Sometimes I write titles for my blog posts and get confused by my own brain and how it works. I generally come to the same conclusion after I think about it for a little while, and this is just the way God made me. I can’t do anything about that but walk in it and enjoy the journey. Now that’s out of the way…
If you are reading this and don’t agree that music is one of the most powerful and most consistent mediums in the world, you should probably go ahead and stop reading. This is probably not a post for you. If you’re still reading and haven’t been hiding under a rock for the last few months of the year, you’re probably aware that Adele came out with an album and it shattered records that we didn’t even know were out there. You may have even heard it. You may have been like me and preordered it and rejoiced greatly when you opened up your iTunes that Friday morning and it started to download automatically. Then you devoured track after track, ingesting each one with joy, sorrow, and gratitude. Joy that she finally gave us another album. Sorrow from the deep, heartfelt emotion that came from each track about love lost and found and searched for. Gratitude that there is still someone out there making music that is technically proficient and there is no whipping or nae-naeing involved (granted, not many songs can get a whole group of people dancing quite like that one can). I thoroughly enjoyed the album and, because I don’t spend a lot of time listening to radio, I wasn’t overwhelmed by “Hello” and still enjoy hearing it. I saw how much this album took the world by storm when it came out and I couldn’t help but wonder why. Is it the lyrics? It is her spot on reflections on relationships? Is it the fact that it’s virtually impossible for her to sing out of tune? Is it production value? I think it’s all of these things. I also think that the importance of music and how it connects to the heart and how well she does that with every note she sings.
When I think about it, I hear music like that and think about how real the struggle is. There’s not a real resolution at the end, but there is definitely an internal struggle that is being wrestled through. I didn’t listen to that album and think, “she figured out and now I know what I need to do”. I listened and thought, “man, this woman is dealing with some things. I hope she figures it out. I’ve been there before”. I think that’s the ticket. I also think that is the struggle that some people have with music within the church. There have been a myriad of songs written within the church that seem shallow and don’t touch all of the emotions that people walk in the door with. Yes, it is important to know that we are loved by God and that he can bring joy and that He is good. But sometimes, the struggle is real. Sometimes your kids are driving you nuts. Sometimes your wife or husband is about to leave. Sometimes your job is in jeopardy. Sometimes cancer rears its ugly head in someone you love. Sure, we want to know that God is the answer to all of our problems, that’s one of the reasons we come to church, to find encouragement. But there aren’t a whole lot of songs that dig down in the middle of the struggle.
This is not a post about old versus new, hymns versus contemporary. This is simply an observation about the strive for holiness. When you are striving for holiness there are many different points. There are highs and lows and many different points along the way. I don’t really think there’s a need for people to write songs about being stuck in sexual addiction. Everyone doesn’t sit in that place and it won’t edify the whole body. I can only imagine the comment cards that would come from that one. I do believe that there is an important voice that music has within the body of Christ that has to be heard. I believe that those leading people in the singing of these songs have an important job in helping connect the songs to real life situations. When that is done effectively then we start to see people go from spectators to participators in the singing portion of worship. When I hear a song on the radio that I don’t connect with, I turn it off and find something else. But when I connect with a song I sit in the car even after I pull into the garage and listen until it goes all the way off. When I’m in church and songs speak to how awesome God is and how good he makes me feel, that might not always connect with where I am. But, when someone connects that song to something that is happening in life that tugs at my situation or a situation I’ve dealt with, my interest is piqued. I tune in a little bit more. I feel as if this person is attempting to help me engage with my heart issues and why it is important for me to seek God for the answers.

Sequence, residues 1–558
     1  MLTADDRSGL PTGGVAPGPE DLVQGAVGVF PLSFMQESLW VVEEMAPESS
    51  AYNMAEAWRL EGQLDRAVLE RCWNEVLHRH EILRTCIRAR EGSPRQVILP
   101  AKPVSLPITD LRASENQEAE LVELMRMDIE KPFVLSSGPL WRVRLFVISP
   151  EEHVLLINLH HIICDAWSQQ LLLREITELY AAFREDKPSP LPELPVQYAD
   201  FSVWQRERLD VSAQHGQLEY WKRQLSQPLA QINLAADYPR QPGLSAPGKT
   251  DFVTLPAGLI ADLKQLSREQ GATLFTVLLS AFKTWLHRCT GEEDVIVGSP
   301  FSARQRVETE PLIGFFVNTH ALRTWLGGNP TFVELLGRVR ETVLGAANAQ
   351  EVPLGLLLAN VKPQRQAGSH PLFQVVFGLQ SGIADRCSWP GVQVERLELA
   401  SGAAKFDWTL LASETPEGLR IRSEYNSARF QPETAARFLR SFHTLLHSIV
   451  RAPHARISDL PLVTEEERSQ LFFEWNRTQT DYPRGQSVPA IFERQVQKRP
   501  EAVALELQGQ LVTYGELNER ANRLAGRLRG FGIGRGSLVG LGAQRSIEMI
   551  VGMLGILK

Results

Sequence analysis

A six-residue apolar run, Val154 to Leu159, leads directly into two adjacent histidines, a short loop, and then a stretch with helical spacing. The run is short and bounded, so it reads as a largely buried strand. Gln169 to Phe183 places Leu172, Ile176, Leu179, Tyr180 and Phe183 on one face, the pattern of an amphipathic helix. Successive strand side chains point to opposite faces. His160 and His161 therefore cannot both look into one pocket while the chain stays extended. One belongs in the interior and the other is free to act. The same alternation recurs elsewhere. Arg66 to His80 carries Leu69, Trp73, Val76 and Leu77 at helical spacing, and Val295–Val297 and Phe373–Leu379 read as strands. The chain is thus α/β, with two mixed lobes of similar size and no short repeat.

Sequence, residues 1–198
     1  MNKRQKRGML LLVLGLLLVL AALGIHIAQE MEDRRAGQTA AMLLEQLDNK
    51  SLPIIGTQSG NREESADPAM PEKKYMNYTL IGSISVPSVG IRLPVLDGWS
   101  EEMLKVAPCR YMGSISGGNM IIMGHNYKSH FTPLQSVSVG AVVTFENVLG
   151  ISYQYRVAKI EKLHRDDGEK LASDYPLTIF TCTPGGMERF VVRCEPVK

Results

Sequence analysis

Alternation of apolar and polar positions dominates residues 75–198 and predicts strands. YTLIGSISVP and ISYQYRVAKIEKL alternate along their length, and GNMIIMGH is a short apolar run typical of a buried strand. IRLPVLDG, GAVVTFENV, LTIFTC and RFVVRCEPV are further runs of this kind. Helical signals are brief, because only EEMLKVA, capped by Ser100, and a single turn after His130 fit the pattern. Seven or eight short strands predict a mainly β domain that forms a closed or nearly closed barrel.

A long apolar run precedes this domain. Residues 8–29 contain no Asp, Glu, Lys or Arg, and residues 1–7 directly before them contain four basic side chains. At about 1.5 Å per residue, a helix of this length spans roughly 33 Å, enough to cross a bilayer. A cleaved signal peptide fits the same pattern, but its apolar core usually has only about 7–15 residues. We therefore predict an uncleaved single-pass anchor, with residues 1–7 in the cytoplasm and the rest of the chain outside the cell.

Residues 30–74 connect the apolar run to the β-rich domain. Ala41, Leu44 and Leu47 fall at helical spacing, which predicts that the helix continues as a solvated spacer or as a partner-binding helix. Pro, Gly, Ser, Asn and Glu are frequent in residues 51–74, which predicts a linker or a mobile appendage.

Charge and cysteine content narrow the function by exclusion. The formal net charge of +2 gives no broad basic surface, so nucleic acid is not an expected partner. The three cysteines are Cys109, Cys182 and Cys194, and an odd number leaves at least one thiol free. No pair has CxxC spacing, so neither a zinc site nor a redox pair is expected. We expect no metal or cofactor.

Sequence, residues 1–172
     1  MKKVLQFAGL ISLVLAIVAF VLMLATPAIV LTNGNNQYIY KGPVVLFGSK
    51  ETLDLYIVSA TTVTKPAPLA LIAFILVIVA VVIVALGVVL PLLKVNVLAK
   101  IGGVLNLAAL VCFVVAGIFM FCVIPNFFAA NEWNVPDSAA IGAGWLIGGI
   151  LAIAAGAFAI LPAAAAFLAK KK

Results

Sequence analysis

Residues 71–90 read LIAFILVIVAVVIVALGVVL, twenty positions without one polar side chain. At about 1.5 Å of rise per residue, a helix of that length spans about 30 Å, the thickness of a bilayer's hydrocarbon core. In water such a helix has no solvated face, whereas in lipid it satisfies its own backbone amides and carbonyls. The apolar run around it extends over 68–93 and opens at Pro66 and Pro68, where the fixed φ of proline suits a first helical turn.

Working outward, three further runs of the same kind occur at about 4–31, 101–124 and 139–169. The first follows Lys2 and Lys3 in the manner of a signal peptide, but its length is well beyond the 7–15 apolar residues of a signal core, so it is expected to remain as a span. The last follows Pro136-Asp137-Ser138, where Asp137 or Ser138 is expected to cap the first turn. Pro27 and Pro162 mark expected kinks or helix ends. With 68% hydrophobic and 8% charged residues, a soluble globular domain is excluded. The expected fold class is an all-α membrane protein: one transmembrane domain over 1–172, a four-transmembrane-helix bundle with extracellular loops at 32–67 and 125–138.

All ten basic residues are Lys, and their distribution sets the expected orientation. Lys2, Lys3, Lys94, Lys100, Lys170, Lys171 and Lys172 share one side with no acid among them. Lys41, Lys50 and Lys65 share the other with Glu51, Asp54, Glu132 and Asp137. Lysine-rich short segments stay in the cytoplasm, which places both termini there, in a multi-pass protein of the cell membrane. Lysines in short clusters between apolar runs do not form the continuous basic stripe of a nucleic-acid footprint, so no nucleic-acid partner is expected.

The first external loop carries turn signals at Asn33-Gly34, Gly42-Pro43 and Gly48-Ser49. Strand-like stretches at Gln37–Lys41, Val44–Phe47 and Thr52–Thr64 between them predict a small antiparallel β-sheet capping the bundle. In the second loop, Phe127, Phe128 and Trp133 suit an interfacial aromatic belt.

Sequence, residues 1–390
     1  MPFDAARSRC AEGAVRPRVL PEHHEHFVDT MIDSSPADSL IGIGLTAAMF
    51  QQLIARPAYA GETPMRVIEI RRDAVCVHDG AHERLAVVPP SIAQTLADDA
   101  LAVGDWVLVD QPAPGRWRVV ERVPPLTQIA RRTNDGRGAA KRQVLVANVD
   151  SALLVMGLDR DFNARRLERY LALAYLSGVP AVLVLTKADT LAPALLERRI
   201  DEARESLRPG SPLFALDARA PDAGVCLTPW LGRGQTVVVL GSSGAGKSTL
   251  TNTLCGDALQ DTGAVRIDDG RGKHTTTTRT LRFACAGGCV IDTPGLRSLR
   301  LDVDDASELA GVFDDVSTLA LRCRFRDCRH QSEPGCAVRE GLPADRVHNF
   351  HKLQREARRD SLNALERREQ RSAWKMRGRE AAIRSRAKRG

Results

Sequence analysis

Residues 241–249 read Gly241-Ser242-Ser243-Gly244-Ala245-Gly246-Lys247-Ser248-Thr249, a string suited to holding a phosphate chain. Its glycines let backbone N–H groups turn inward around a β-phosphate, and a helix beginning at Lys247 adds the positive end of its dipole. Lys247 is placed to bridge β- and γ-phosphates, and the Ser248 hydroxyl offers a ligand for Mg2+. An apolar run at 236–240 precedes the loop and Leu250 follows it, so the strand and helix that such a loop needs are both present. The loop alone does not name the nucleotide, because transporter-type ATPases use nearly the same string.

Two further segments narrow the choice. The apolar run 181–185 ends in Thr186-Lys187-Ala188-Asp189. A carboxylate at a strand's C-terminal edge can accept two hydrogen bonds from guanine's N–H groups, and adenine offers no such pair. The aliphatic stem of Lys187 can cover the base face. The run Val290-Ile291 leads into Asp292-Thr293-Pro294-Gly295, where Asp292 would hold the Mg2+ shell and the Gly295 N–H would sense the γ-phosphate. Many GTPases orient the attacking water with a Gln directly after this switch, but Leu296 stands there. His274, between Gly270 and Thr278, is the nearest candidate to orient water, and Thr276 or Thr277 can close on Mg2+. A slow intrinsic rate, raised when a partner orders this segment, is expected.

I think music in the church is still a lot deeper than some people give it credit for, but we have to help connect it to the heart. Music is still important in the church because it connects to the heart in a way that a message doesn’t always do. It’s awesome when music can help prepare you for what is about to be said. When emotions are tapped into, your ears open a little more to hear what’s being said. You are looking for something that will answer questions that you brought with you. The church is still important today. Music in the church is still important today. Their effectiveness has everything to do with how we utilize them to connect people to the cross and its importance in every aspect of life. Adele and her team have figured out how to connect music to life. There is a ton of music being written for the church that have figured it out as well. Make sure that you are doing what you can to put that music in front of people. Why? Because the story still needs to be told.